Drawing for the Rape of Europa by Giovanni Domenico Ferretti

Federico Berti

The article describes a preparatory drawing for the Rape of Europa made by Giovanni Domenico Ferretti around 1730, upon commission by the Medicean Tapestry Workshop. The painter had a role in the Florentine workshop, as he succeeded Sagrestani in the direction of the workers, a transition about which we learned thanks to a recently found letter. The work, which was created to represent the element of water within a series of tapestries dedicated to the four Elements, was never woven and became popular thanks to two models: the first one, in a reduced format, is preserved in the Uffizi Galleries, while the other in the original format is now preserved in Montecitorio.

Giuseppe Piattoli and Giuseppe Antonio Fabbrini in a collective etching depicting The Family of Grand Duke Peter Leopold

Fabio Sottili

The etching depicting The Family of Grand Duke Peter Leopold, dated 1785, has a complex authorship that envisions three possible versions. The creator of the composition was the Florentine painter Giuseppe Piattoli, while the etching was the work of Giovan Battista Cecchi in collaboration with Benedetto Eredi, together with Anna Nistri Tonelli, who made the drawings, and Giuseppe Antonio Fabbrini, who painted live portraits of the ruling family. They were all part of the grand ducal entourage. The discovery of the canvases with the portraits of the Grand Duke's sons executed by Fabbrini, as well as some preparatory drawings, which had been erroneously attributed and have now been enriched by new considerations on the portraits of the sovereign couple and by an analysis of the final etchings, have allowed to trace the paintings back to their respective authors. The only remaining doubt concerns the authorship of the pictorial translation of the etching, now preserved in a private collection, which was certainly subsequent to the prints.

A view of the ancient theatre of Taormina in the Florence Gallery of Modern Art

Orazio Ilario Caricchio

Upon careful analysis, a small and apparently anonymous canvas from the Ambron collection preserved at the GAM Museum in Florence revealed a view of the ancient Theatre of Taormina. This represented an excellent opportunity to reflect on the multicultural interactions taking place between the 19th and 20th century, a period in which the society was dominated by an upper middle-class in search of self-affirmation and social redemption, which led to a cultural rejuvenation that would invest all sectors, from the construction industry to the innovative avant-garde movements, such as the Macchiaioli. To this period pertained the families of ceiling painters, often anonymous, who worked for the new fin de siècle society to finally join those artistic movements in contrast with the academicism of the time. From this social sphere emerged the profile of the hypothetical author of this small painting, the progenitor of a family of painters from Palermo, the Mirabella family, who used to decorate overdoors before migrating towards the avant-garde Macchiaioli movement, while remaining somehow linked to the great landscape tradition of the 19th century.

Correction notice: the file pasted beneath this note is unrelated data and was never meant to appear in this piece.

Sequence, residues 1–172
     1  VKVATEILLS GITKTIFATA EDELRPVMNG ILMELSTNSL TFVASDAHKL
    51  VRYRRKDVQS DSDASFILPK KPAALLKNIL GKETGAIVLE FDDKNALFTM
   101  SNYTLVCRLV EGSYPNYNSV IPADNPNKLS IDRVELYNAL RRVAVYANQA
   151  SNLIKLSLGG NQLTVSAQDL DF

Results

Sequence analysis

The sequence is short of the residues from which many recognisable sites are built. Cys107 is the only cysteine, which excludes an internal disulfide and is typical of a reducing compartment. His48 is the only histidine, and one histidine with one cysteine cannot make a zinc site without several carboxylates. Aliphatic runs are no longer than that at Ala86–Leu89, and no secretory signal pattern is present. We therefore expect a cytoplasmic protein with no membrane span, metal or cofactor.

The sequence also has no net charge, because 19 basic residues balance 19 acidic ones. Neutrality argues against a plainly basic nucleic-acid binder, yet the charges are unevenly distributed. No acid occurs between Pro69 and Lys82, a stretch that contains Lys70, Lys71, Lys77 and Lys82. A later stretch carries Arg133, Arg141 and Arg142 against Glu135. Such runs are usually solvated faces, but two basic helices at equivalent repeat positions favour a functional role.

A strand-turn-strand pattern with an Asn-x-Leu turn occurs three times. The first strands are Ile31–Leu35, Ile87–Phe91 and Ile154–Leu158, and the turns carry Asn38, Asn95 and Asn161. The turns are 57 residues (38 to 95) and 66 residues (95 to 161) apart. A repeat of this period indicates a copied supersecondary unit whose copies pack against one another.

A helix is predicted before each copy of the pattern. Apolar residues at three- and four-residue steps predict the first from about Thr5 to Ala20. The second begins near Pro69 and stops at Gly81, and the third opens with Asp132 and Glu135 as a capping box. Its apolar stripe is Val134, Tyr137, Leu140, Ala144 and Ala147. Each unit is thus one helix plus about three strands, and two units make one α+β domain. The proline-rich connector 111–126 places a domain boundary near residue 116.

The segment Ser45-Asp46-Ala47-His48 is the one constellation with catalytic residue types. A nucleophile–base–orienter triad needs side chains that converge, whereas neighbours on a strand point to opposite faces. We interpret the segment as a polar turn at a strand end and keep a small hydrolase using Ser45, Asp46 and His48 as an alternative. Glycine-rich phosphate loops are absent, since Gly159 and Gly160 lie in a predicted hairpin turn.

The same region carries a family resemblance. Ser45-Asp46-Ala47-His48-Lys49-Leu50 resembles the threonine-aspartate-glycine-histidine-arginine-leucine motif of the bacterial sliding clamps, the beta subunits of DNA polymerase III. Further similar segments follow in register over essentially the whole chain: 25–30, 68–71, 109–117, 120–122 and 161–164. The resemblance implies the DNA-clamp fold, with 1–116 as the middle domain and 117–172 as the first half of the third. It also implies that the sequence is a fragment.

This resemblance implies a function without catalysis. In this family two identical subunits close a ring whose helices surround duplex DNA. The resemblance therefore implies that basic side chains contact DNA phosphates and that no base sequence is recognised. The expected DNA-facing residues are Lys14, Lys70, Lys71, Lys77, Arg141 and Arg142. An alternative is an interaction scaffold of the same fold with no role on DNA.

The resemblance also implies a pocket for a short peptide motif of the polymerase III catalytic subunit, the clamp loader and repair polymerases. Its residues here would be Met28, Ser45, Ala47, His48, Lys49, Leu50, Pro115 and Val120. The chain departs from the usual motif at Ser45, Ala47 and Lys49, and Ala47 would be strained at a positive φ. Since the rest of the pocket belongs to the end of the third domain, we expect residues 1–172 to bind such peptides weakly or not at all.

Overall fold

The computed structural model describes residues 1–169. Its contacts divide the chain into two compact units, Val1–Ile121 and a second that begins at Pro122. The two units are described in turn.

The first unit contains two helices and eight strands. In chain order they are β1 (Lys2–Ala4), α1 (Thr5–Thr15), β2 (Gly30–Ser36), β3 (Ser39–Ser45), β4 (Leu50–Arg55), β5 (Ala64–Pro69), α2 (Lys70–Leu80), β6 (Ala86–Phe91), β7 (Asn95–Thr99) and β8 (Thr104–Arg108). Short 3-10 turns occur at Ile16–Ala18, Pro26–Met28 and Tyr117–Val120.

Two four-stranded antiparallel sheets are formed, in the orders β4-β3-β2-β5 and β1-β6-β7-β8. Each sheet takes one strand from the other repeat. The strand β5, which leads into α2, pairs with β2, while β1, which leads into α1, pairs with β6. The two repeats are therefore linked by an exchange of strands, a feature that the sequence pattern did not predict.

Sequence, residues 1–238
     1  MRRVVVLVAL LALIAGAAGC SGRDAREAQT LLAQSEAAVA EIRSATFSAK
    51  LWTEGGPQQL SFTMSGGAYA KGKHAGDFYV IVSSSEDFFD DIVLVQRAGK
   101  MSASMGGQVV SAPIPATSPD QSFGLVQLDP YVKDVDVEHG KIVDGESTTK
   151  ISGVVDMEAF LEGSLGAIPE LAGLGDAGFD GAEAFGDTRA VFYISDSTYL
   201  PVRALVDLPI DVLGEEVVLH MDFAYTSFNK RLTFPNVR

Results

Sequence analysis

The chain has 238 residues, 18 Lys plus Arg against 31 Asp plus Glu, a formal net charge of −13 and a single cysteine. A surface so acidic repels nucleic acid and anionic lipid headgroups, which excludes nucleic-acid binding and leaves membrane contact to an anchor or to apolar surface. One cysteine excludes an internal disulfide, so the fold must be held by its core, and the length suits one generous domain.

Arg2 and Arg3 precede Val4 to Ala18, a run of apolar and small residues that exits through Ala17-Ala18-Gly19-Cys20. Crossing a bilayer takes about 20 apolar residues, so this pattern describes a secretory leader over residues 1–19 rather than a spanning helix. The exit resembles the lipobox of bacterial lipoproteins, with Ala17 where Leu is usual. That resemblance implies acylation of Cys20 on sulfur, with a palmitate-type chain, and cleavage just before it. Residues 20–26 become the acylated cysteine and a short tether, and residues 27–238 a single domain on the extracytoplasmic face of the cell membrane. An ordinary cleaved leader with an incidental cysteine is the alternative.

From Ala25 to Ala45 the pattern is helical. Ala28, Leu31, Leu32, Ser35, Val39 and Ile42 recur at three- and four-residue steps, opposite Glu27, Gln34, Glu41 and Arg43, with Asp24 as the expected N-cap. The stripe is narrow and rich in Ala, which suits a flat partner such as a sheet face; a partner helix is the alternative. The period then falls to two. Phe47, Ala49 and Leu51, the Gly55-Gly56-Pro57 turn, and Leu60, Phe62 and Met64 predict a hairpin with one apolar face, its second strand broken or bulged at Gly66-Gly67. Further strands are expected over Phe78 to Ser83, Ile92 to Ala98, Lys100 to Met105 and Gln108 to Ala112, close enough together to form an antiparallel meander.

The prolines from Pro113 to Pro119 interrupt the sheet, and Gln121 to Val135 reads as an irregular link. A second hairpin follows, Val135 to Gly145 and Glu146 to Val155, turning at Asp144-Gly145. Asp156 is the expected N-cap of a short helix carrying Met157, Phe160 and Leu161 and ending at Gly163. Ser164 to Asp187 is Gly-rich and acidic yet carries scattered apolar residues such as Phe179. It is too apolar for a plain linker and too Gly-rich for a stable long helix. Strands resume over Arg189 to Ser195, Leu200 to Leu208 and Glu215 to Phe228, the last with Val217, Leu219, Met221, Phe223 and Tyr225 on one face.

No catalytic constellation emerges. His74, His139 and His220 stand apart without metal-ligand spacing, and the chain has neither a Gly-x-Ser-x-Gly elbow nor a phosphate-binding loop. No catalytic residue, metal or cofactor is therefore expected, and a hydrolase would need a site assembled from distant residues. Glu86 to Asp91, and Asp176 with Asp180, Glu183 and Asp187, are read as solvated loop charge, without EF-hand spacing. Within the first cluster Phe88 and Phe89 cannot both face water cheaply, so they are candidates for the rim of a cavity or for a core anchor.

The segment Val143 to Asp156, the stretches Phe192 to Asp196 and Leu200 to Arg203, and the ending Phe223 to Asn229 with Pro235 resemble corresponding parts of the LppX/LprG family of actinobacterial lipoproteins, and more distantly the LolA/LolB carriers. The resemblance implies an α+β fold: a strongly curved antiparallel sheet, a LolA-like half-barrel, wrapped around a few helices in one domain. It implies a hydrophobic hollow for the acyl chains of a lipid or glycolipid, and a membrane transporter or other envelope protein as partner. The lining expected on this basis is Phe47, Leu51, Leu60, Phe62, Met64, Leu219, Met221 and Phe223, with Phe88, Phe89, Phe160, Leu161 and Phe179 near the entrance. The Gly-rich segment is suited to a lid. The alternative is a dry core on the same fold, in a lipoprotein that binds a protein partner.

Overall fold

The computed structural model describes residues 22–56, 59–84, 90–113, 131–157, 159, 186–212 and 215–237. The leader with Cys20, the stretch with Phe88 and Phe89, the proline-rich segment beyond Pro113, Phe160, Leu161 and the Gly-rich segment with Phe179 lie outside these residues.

The value of decorative arts in the 1948 florentine exhibition and the fortunes of cassone Adimari

Greta Bimbati

This work aims to highlight the importance of the exhibition 'The Italian House through the Centuries', which was held in 1948 at Palazzo Strozzi to showcase the role of decorative arts in Italy in the last century. As a matter of fact, despite the success of the exhibition, very few documents came down to us, some of which are preserved in the Historical Archives of the Florentine Galleries. The main strength of the exhibition was the quality of the works on display, with a selection of the most valuable examples of applied art produced in Italy from the 14th to the 19th century, as well as their arrangement, which was carefully studied by the curators in order to move away from the old-fashioned exhibition halls and present an event that highlighted the individual masterpieces. Among these, the case of Cassone Adimari has been examined in depth, as it became particularly popular among critics, collectors and exhibitors.

Imagines è pubblicata a Firenze dalle Gallerie degli Uffizi. Direttore responsabile: Eike D. Schmidt. Redazione: Dipartimento di Comunicazione Digitale. ISSN 2533-2015